One of the biggest hurdles is fear. There will always be resistance towards launching something that will need several attempts to make it perfect. Iteration means the product or service is continuously improved along the way, and that there’s built-in room for failure. “Fail Harder” is still a motto well known to every Facebook employee, and printed on many team’s walls in offices all around the world. “Release early, release often, and listen to your customers” is a fundamental principle for most software developers. You cannot be afraid to fail, gather feedback, and go back to the drawing board to redefine your strategy.
One would argue that in the digital age all products are becoming services, so brands are seeking longer-term relationships with customers. This makes design thinking pillars like empathy and iteration more important than ever before. Some industries are further along than others at embracing these strategies.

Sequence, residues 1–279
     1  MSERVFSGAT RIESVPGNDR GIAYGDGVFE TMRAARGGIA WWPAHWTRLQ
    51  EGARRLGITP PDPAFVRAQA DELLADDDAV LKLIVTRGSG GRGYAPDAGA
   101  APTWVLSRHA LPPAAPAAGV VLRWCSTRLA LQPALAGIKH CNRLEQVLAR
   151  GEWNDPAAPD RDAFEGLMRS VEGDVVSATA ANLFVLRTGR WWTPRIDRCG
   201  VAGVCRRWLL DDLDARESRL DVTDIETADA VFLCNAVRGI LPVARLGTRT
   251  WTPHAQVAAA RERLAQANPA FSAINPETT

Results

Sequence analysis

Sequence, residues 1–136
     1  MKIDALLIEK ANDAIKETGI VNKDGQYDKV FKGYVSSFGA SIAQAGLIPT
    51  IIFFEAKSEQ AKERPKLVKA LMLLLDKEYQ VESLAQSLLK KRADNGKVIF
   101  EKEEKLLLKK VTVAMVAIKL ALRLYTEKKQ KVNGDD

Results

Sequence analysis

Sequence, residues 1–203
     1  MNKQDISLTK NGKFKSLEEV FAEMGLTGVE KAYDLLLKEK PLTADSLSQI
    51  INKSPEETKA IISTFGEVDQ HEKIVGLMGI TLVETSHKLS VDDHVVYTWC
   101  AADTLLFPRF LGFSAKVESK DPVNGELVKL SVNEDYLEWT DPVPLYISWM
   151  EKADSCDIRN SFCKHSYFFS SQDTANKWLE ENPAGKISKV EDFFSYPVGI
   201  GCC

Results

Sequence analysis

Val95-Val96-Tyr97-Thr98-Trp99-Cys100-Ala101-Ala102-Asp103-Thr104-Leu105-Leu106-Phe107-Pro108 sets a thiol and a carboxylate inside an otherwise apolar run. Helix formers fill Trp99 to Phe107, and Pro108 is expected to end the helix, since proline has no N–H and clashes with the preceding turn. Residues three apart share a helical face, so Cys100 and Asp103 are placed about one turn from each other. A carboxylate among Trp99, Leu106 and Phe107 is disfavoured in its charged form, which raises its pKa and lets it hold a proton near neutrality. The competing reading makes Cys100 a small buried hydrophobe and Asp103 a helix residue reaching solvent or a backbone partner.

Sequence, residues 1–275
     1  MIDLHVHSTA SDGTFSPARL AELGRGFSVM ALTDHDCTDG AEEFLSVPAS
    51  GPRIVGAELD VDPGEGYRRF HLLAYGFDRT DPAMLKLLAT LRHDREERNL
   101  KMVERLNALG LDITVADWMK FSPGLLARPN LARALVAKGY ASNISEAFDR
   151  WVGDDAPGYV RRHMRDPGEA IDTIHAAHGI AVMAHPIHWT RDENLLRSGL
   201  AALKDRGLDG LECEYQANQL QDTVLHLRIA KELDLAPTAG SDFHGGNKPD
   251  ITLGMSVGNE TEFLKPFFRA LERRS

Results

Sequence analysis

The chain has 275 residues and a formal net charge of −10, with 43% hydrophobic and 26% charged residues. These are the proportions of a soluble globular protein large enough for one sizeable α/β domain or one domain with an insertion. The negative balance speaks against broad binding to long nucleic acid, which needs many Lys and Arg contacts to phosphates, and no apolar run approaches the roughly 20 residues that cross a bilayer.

It took years for the gaming industry, both on the brand and consumer sides, to become comfortable with the fact that modern video games would require regular patching and updating: first to correct bugs not found during early testing, but later to fine tune gameplay and features as they became services plugged into an always-on stream of live consumer data. Any Dungeon Master that has ever hosted a role-playing game session will tell you that people are a factor that is not easy to control or predict. Today, pretty much every tech product, game or otherwise, ships with a healthy backlog of updates that will be released during its lifetime, and more that will be discovered along the way. Some of those will be less well received, so don’t be put off when that happens – it’s an important part of the test & learn process that results in a better product.